Researchers are heading back to the drawing board after a tiny phase 1 trial of intrathecal rituximab in certain patients with progressive multiple sclerosis failed to eliminate inflammation in the meninges.

The study investigators had hoped the treatment would significantly help progressive MS patients with leptomeningeal inflammation, which has been linked to worsening disease. However, “this paradigm seems to have not gotten rid of the meningeal inflammation significantly. We need a better approach,” said Pavan Bhargava, MD , of Johns Hopkins University, Baltimore, who spoke in an interview in advance of presenting the study findings at a meeting held by the Americas Committee for Treatment and Research in Multiple Sclerosis.

According to Dr. Bhargava, inflammation of the meninges – the lining of the brain – is more common in patients with progressive MS and is thought to be a driver of worsening disease. “People with the presence of the meningeal inflammation seem to have a more severe disease course,” he said, also noting that researchers have found that patients with collections of immune cells in the meninges are more likely to have more nerve cell damage and demyelination, especially along the surface of the brain under the meninges.

The new study aimed to test the value of targeting immune cell follicles with doses of rituximab given intrathecally – straight into the spinal fluid – to greatly boost the penetration of the drug into the meninges. When given intravenously, Dr. Bhargava said, only a minuscule amount of rituximab makes it to the brain.

Dr. Bhargava’s team screened 36 patients with progressive MS with MRI scans and found that 15 showed signs of meningeal inflammation. Of those, 11 agreed to take part in the study, and 8 fit the criteria.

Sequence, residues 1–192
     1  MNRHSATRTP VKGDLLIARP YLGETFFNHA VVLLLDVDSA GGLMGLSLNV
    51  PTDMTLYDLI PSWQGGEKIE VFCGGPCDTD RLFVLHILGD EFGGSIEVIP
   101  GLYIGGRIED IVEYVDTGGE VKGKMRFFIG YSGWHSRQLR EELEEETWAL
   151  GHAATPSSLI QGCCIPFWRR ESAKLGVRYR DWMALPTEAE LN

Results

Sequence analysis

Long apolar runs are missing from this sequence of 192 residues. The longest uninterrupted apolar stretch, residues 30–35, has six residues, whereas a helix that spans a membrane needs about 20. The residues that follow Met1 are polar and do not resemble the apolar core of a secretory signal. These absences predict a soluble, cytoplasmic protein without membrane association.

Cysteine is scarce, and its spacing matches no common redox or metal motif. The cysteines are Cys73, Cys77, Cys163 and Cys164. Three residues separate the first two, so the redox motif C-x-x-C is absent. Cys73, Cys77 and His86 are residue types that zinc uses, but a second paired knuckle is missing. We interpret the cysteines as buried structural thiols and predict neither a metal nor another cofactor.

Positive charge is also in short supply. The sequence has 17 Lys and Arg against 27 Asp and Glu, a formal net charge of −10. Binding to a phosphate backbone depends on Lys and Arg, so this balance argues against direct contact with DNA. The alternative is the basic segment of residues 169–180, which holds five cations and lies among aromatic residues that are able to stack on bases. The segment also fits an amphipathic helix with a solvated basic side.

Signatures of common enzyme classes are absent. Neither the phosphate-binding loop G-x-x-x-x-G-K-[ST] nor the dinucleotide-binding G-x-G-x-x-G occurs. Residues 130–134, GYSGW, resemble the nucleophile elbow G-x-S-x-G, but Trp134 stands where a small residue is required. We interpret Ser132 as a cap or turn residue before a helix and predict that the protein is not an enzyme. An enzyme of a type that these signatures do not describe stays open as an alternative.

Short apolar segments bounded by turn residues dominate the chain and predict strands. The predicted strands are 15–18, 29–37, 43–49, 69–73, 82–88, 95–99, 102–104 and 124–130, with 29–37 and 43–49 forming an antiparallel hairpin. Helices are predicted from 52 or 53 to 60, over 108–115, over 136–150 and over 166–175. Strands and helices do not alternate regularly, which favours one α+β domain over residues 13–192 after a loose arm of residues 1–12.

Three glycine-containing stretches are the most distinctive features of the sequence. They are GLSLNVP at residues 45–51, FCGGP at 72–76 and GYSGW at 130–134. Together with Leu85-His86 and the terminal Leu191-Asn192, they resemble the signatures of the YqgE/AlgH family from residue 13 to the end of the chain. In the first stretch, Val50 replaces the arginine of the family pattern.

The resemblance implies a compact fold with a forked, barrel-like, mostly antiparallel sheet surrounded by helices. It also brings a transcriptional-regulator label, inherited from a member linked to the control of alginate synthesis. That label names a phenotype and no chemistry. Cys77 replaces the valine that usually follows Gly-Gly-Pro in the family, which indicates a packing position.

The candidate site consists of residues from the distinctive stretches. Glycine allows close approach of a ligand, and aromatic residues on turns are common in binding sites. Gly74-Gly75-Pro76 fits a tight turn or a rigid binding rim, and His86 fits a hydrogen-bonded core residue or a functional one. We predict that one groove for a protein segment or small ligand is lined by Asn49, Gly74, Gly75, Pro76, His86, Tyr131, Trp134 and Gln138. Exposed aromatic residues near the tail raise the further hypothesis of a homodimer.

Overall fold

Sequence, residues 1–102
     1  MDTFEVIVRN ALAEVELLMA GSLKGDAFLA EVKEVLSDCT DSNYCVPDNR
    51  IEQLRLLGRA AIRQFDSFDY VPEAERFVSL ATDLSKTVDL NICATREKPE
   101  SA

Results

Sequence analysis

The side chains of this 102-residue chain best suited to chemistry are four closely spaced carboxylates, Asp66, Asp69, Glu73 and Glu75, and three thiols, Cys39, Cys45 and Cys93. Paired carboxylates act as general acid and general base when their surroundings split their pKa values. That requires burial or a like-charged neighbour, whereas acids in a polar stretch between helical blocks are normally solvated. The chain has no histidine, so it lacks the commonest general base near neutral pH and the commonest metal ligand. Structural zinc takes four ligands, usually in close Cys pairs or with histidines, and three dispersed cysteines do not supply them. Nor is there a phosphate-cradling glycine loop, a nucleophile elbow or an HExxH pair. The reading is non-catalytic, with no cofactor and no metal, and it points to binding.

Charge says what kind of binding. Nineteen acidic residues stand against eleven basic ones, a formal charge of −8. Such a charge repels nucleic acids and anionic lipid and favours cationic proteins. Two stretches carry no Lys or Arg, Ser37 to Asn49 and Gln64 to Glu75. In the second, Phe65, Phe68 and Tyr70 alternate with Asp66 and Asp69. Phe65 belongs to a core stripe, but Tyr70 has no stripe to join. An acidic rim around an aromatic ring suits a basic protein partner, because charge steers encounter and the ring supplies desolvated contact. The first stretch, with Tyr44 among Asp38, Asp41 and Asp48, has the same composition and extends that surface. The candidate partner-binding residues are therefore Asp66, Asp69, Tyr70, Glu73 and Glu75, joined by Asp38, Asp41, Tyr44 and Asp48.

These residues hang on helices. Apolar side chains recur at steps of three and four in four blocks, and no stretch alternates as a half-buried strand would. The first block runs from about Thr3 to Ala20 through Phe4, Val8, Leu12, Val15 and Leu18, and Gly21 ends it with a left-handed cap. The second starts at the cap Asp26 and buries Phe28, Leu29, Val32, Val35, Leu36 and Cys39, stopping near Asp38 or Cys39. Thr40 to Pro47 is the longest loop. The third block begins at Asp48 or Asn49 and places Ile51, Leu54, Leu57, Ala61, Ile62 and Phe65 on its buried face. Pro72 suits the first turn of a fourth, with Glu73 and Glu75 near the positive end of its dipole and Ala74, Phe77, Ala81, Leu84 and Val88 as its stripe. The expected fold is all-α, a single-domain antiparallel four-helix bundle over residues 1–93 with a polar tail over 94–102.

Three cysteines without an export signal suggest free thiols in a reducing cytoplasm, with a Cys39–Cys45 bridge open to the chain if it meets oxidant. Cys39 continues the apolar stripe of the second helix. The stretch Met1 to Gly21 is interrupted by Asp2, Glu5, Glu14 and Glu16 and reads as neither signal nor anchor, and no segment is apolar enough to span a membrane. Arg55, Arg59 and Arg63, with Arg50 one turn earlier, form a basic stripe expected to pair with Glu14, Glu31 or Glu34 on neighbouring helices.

The participants (median age 55.5 years; five were female) received two intrathecal treatments of 25 mg of rituximab 2 weeks apart, were monitored via follow-up clinical evaluations and lab tests at weeks 2, 8, 24, and 48, and received lumbar punctures and MRI scans at weeks 8 and 24.

“The main outcome was safety,” he said. “Most patients tolerated the rituximab, and the only side effect occurred in one patient who had abnormal sensations in the leg for 35-45 minutes. Otherwise, the medication was safe.”

The researchers detected no change in the meningeal inflammatory lesions before and after the treatment at 24 weeks.

But the tiny dose, much smaller than the typical two doses of 1,000 mg of IV rituximab over 2 weeks, completely depleted B cells in the blood of almost all patients, Dr. Bhargava said. “It was likely leaking out into the blood and clearing the B cells.” Peripheral blood B cells decreased from a median of 18.55% at baseline to 0.1% at week 2 and 8 with an increase to 3.6% at 24 weeks.

This effect was not as robust in spinal fluid, he said, where B cells were not fully depleted.

The findings suggest more cycles of treatment may be needed to target types of immune cells other than B cells, he noted. Or perhaps another drug would work better if it has a different mechanism and can penetrate more effectively.

The next step, he said, is to screen alternative drug approaches in animal models with meningeal inflammation that’s similar to that found in humans.

The study was funded by the International Progressive MS Alliance and the Race to Erase MS. Dr. Bhargava reported no relevant disclosures.

SOURCE: Bhargava P et al. ACTRIMS Forum 2018 Abstract P027 .


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